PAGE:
Toyota gas cars get efficient engine from hybrids (Update)

April 10, 2014 by Yuri Kageyama
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Toyota has developed an efficient gasoline engine using technology fine-tuned with gas-electric hybrids, in which the Japanese automaker is an industry leader.

Toyota Motor Corp. said Thursday the engine will be rolled out in 14 models this year and next year.

The technology is common in hybrids, such as the Toyota Prius and Ford Fusion, which switch back and forth between an electric motor and a gas engine for better mileage. But it is relatively rare in vehicles with gas engines alone. Japanese rivals Mazda Motor Corp. and Honda Motor Co. have developed similar engines.

Toyota said the new engine will deliver 10 percent better fuel efficiency than comparable current engines.

It uses an old-style engine type called the Atkinson cycle, which reduces heat through greater thermal efficiency. Toyota said it developed a version that achieves efficiency without sacrificing power.

Toyota also used other features such as better combustion and reduced friction to boost efficiency.

The new engine will come in 1.0 liter and 1.3 liter versions, but will be expanded to other types, and variations of it will also be used in future hybrid models, according to Toyota.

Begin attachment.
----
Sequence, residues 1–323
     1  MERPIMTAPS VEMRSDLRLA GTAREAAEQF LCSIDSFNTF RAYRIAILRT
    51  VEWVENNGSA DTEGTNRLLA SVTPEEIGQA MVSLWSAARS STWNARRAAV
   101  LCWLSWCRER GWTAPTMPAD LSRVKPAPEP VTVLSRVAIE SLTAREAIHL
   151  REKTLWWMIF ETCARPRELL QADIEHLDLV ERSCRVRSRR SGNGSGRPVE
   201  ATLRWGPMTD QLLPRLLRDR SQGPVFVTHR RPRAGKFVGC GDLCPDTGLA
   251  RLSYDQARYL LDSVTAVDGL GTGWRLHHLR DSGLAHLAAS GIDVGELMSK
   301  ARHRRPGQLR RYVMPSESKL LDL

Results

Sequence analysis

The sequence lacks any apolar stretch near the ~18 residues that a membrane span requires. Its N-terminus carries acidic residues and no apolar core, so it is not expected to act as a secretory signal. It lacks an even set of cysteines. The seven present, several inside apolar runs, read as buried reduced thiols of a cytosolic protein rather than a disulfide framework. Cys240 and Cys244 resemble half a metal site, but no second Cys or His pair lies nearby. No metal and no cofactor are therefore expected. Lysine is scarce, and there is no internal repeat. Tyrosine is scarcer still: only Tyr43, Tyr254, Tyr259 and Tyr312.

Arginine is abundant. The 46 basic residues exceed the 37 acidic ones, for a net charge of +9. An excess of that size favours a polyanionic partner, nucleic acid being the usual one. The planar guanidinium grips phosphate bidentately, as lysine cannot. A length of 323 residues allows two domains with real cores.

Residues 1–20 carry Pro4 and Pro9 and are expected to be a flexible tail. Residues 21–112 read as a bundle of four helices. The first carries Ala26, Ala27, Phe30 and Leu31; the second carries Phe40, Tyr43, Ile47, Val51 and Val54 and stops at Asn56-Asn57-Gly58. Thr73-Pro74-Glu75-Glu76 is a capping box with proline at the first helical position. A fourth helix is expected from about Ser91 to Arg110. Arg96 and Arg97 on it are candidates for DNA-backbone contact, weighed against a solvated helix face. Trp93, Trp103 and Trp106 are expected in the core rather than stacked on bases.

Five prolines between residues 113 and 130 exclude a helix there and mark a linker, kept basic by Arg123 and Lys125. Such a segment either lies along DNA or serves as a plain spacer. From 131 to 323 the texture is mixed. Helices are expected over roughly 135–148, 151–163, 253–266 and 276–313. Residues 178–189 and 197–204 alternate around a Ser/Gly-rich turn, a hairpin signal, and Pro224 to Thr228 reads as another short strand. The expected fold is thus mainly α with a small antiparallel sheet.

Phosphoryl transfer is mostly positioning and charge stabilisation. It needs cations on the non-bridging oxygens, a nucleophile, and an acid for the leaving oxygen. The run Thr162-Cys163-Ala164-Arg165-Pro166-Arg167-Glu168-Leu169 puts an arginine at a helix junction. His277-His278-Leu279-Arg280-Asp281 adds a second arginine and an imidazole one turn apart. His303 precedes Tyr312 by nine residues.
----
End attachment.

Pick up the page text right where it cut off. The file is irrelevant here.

"They show the future direction of Toyota engine development," said Toyota spokesman Brian Lyons.

Toyota has been worried about the reliability of the oil supply for decades and has focused on green cars, especially hybrids.

The maker of the Lexus luxury model and Camry sedan has sold more than 6 million hybrid vehicles around the world, more than any other manufacturer, since the Prius was introduced in late 1997.

Hybrids are popular but remain a niche market, and competition has been intensifying from efficient gas engines.

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5 / 5 (2) Apr 10, 2014
It's technically not a different type of engine, because the Atkinson cycle these days is achieved by valve timing, by keeping the intake valve open slightly longer into the compression stroke.

The point of the engine is to allow for a higher expansion ratio relative to the compression ratio, which means the combustion gasses expand further and more energy is extracted before the exhaust valve opens. An engine might then be built for a high compression ratio like 20:1 but the intake valve is kept open to leak out some of the air and drop the effective compression ratio closer to the usual 11:1 while the expansion ratio remains at 1:20

One downside of this is that the exhaust temperature is cooler, so catalytic converters won't work as effectively.
not rated yet Apr 11, 2014
Also, with variable valve timing in an Atkinson engine, it's possible to achieve the same effect as with a turbocharger because you can close the valve early to get more air in the cylinder which is equivalent to increasing the intake boost pressure.

It makes for a nice broad torque curve from a small three-cylinder engine without the associated turbo lag. Some people dislike such engines though because they feel powerful, yet you run out of power at higher speeds when you try to overtake. It's more like driving a diesel.

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